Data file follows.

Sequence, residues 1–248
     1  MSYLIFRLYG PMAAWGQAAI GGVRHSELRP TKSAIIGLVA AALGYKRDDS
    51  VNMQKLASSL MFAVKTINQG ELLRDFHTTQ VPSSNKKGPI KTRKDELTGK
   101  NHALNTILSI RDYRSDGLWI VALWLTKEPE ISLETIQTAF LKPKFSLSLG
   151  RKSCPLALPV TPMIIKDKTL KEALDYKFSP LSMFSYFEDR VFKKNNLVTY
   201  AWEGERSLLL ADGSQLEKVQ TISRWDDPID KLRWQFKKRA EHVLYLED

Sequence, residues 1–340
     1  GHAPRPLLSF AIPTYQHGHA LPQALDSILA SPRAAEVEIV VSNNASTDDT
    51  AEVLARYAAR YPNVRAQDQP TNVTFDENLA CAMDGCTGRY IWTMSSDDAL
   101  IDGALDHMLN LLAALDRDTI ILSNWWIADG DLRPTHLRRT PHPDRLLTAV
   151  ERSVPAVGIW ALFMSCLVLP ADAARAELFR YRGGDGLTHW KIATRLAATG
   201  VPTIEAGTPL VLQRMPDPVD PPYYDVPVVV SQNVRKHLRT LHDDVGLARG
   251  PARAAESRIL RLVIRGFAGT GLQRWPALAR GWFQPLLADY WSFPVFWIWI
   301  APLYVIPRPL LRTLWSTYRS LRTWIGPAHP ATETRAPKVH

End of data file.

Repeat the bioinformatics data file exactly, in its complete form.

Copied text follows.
Sequence, residues 1–248
     1  MSYLIFRLYG PMAAWGQAAI GGVRHSELRP TKSAIIGLVA AALGYKRDDS
    51  VNMQKLASSL MFAVKTINQG ELLRDFHTTQ VPSSNKKGPI KTRKDELTGK
   101  NHALNTILSI RDYRSDGLWI VALWLTKEPE ISLETIQTAF LKPKFSLSLG
   151  RKSCPLALPV TPMIIKDKTL KEALDYKFSP LSMFSYFEDR VFKKNNLVTY
   201  AWEGERSLLL ADGSQLEKVQ TISRWDDPID KLRWQFKKRA EHVLYLED

Sequence, residues 1–340
     1  GHAPRPLLSF AIPTYQHGHA LPQALDSILA SPRAAEVEIV VSNNASTDDT
    51  AEVLARYAAR YPNVRAQDQP TNVTFDENLA CAMDGCTGRY IWTMSSDDAL
   101  IDGALDHMLN LLAALDRDTI ILSNWWIADG DLRPTHLRRT PHPDRLLTAV
   151  ERSVPAVGIW ALFMSCLVLP ADAARAELFR YRGGDGLTHW KIATRLAATG
   201  VPTIEAGTPL VLQRMPDPVD PPYYDVPVVV SQNVRKHLRT LHDDVGLARG
   251  PARAAESRIL RLVIRGFAGT GLQRWPALAR GWFQPLLADY WSFPVFWIWI
   301  APLYVIPRPL LRTLWSTYRS LRTWIGPAHP ATETRAPKVH